www.radartutorial.eu www.radartutorial.eu Radar Basics

MST-Radar

Figure 1: MST-Radar of National Atmospheric Research Laboratory (NARL) at Gadanki near Tirupati, India
(13°27'25.7" N   79°10'32.4" E)

Figure 1: MST-Radar of National Atmospheric Research Laboratory (NARL)
at Gadanki near Tirupati, India
(13°27'25.7" N   79°10'32.4" E)

MST-Radar

MST-Radar (Mesospheric Stratospheric Tropospheric Radar) or VHF profiler is a high-sensitivity, high-resolution radar that typically operates at frequencies around 50 MHz. They allow observations of the structure and wind fields in the middle atmosphere with unprecedented height and time resolution. Radars that are similar in structure but operate at slightly higher frequencies are Stratosphere-Troposphere (ST) radars. The MST-Radar is an instrument capable of providing estimates of atmospheric parameters with high resolution which is essential in the study of different dynamical processes in the atmosphere.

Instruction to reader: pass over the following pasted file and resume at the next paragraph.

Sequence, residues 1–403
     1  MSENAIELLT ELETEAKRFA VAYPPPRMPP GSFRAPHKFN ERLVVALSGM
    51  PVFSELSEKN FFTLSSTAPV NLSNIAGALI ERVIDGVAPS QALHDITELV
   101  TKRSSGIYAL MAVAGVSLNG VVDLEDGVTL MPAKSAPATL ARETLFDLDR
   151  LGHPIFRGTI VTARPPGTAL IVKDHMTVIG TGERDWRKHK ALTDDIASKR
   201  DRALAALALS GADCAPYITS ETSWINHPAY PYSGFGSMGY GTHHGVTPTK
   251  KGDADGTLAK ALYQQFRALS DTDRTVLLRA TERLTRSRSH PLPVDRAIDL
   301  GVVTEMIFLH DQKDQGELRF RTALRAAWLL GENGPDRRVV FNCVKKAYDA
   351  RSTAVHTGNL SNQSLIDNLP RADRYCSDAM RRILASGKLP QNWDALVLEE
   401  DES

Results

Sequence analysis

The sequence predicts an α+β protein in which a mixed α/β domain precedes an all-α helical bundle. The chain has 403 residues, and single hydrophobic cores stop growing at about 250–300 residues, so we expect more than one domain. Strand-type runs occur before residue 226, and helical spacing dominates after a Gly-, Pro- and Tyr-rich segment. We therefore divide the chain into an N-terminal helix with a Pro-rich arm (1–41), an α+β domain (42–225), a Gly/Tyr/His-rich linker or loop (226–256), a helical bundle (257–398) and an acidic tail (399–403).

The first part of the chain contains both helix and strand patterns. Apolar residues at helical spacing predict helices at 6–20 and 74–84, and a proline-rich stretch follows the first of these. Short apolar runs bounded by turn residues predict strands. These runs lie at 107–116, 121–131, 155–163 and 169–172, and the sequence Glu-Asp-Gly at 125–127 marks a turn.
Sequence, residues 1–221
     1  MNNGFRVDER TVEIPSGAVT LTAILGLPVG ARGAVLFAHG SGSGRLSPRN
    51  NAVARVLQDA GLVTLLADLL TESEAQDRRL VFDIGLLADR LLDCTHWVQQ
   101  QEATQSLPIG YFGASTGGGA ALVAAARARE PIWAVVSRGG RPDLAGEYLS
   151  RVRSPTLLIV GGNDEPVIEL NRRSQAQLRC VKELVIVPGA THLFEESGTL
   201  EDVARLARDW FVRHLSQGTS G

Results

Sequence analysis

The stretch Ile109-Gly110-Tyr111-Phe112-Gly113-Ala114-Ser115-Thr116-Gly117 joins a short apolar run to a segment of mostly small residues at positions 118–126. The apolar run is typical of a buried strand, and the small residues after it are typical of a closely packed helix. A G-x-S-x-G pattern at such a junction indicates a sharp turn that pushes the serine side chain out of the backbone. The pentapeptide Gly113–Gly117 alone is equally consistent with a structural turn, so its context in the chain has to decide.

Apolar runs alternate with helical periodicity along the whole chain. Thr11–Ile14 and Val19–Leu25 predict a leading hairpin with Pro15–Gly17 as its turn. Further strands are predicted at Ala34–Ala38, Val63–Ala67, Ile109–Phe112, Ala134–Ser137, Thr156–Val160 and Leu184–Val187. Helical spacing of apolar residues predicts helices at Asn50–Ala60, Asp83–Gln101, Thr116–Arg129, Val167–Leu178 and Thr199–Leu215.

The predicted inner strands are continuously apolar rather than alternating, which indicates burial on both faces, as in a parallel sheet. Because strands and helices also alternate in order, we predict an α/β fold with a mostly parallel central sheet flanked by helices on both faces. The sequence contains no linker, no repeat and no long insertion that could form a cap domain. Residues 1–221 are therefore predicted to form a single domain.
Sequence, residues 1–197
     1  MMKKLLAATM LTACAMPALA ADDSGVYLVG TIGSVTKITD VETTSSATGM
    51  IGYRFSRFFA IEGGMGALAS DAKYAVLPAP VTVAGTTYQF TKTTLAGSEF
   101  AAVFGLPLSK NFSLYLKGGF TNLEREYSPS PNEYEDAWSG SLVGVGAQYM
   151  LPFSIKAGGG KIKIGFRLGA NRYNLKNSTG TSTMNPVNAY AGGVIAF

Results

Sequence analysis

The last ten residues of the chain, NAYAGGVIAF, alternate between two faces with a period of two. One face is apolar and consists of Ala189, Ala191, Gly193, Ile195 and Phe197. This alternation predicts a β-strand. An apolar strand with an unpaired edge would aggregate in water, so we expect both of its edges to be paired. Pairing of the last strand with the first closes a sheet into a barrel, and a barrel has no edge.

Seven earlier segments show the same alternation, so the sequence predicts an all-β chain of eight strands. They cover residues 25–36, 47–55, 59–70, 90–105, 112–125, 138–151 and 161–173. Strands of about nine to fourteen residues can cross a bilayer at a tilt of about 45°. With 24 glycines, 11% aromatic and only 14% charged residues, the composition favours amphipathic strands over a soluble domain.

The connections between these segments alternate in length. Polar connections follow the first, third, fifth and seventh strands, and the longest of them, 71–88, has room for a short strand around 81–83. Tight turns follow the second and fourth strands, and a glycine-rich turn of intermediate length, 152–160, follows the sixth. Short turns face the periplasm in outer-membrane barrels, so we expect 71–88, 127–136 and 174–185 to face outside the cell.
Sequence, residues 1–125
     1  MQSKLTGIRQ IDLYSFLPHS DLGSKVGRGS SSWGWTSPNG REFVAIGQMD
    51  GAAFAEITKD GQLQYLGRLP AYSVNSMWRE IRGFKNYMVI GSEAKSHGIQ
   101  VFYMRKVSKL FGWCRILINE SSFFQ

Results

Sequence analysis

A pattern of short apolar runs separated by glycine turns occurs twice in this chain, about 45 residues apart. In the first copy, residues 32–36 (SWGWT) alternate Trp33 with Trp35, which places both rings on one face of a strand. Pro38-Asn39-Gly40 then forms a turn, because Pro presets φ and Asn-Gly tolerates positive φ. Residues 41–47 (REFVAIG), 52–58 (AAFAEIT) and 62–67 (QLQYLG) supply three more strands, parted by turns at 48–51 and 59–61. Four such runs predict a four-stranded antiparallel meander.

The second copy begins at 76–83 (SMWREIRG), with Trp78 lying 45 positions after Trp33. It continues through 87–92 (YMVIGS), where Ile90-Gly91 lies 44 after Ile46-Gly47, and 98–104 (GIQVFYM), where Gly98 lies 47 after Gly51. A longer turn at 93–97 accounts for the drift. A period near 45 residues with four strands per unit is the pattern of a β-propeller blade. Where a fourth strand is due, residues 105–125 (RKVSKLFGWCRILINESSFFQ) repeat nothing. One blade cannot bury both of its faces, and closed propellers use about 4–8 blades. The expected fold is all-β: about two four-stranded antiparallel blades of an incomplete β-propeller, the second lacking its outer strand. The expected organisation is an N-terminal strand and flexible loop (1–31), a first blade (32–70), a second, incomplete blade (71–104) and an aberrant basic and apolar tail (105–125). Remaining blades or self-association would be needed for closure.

An MST radar is comprised of a high resolution two-dimensional phased array of two orthogonal sets of Yagi-Uda antennas (one for each polarization). It uses high power transmitters in the region of Megawatts with both coded or uncoded waveforms. Both polarisations are simultaneously processed in phase-coherent receivers with quadrature channels. The signal processor consists of two identical channels of A/D converter, decoder, and integrator.

The scattering and reflection mechanisms responsible for the MST-Radar echo signals are caused by fluctuations of the refractive index due to varying density of the atmosphere (so-called “clear air echoes”). A second cause is the thermal or Thomson scattering, often referred to as incoherent scatter. It arises by free electrons in the ionosphere and the echo signal is characterized by the statistical fluctuations of electron density due to random thermal motions of electrons and ions.


Sponsors: